Open An Urgent Care Center

Urgent care centers stress convenience and proximity.

When Iraq and Afghanistan veterans Dr. David Orringer, a surgeon, and Davidson Hall, a physician’s assistant, returned from war, they launched a new mission: setting up an emergency care facility back home in Arizona. Apportioning their 4,400 square feet of office space between treatment, X-ray, lab and pharmacy hubs – plus a small surgical suite – the “Daves” staffed up to 16 and immediately felt the impact their clinic made on the community. By following the lead of these savvy professionals, you’ll quickly realize how important your services can be to the health and welfare of folks in your area.


1. Meet your state’s qualifications for opening an urgent care clinic. According to a doctrine known as the Corporate Practice of Medicine, you must be a licensed physician to operate an immediate care clinic in Texas, California, Ohio, Colorado, Iowa, Illinois, New York and New Jersey. If you reside in a state that’s not on this list, you don’t have to be a doctor to open a practice, but you will have to meet a stringent list of requirements for anyone opening a medical facility, which range from criminal background clearances to bonding and legal mandates. CEOs of large firms regularly open critical care centers with no medical background.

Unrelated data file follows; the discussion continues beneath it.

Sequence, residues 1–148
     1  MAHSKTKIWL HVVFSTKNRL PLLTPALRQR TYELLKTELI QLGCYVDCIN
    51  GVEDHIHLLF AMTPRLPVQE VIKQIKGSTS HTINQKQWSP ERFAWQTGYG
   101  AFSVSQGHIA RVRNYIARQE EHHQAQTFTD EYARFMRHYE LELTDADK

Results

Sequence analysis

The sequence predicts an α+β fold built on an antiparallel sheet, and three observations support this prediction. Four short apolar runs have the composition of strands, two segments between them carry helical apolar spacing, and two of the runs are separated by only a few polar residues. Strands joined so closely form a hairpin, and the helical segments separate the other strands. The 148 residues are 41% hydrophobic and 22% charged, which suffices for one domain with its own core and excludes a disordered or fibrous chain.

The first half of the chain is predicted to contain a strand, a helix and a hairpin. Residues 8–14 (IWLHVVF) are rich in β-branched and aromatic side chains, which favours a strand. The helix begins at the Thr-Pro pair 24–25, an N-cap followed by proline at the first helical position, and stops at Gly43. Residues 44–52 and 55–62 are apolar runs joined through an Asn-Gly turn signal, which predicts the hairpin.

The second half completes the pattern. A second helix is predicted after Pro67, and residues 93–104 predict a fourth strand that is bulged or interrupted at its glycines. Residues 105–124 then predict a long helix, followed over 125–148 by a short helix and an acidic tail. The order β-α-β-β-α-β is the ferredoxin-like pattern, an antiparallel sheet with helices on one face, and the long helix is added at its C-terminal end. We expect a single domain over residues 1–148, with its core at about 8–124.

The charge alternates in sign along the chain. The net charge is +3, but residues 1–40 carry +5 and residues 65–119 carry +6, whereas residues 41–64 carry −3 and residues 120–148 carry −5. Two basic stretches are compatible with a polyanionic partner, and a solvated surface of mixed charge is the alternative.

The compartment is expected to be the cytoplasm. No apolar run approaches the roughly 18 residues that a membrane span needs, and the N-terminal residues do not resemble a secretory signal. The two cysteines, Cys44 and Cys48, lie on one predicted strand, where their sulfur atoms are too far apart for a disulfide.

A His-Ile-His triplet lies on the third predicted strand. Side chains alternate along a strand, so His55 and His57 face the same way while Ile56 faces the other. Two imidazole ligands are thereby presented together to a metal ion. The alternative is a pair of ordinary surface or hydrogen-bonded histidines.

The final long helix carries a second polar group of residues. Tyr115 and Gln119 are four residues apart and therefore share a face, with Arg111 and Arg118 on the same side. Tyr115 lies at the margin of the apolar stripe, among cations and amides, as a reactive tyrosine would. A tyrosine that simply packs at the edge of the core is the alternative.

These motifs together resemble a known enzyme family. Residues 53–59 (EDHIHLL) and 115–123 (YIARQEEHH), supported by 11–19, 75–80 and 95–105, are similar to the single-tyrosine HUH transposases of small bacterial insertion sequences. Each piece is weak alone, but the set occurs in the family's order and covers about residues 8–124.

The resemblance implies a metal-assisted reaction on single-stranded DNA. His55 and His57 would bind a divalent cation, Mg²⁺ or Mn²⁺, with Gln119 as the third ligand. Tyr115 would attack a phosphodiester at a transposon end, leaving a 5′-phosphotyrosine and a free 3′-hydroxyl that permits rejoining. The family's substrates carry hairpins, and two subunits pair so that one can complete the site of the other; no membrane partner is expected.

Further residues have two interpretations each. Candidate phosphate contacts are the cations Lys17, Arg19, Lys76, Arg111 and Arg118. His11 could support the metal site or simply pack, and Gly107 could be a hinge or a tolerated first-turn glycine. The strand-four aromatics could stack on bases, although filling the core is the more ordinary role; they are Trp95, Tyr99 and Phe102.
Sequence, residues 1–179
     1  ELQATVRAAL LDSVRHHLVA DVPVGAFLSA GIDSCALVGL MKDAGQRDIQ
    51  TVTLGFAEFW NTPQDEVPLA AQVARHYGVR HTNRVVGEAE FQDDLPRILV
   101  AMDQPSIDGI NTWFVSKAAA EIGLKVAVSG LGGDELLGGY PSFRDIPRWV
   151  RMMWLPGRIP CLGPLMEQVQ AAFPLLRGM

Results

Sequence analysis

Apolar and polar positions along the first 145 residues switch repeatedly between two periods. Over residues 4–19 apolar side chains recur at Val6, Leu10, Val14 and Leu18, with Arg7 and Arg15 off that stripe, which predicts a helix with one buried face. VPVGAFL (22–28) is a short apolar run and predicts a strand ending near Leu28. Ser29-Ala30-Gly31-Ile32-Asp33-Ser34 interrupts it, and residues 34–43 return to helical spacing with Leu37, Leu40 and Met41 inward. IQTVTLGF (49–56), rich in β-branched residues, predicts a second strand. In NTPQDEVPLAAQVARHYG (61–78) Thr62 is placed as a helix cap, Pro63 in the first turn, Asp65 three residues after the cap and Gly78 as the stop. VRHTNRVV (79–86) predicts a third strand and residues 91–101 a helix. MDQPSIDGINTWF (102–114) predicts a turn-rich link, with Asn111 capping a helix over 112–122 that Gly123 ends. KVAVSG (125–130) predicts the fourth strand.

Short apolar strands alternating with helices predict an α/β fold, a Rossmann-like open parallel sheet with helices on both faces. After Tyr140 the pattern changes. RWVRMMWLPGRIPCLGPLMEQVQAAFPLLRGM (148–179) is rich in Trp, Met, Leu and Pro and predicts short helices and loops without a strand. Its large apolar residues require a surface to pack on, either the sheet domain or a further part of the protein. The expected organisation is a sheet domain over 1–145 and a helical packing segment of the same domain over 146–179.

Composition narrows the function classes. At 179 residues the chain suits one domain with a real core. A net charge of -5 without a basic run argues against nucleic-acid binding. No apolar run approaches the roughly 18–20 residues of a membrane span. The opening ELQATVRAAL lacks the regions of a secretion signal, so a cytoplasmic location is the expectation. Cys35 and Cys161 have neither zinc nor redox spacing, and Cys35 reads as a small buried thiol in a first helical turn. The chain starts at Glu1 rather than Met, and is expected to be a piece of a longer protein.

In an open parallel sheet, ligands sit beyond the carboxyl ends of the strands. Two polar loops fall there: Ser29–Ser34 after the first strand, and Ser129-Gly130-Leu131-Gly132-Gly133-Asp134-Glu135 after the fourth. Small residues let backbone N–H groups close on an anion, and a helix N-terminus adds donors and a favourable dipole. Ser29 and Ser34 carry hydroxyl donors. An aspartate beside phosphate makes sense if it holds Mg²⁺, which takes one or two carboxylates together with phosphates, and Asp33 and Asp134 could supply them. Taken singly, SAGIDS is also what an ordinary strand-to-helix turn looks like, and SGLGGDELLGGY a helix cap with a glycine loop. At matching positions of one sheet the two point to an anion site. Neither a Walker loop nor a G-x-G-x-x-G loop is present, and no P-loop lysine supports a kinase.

2. Research your area’s population and demographics to make certain it can support an urgent care center. The Census Bureau is a good place to start. Back its figures up with local zoning board reports and projections. If the region you’ve chosen already has multiple facilities, this should be offset by statistics that project big population growth in the future to make your venture worthwhile and viable. In areas with no current urgent care centers, you’ll want to target a population of at least 25,000 to justify your investment of time, money and resources.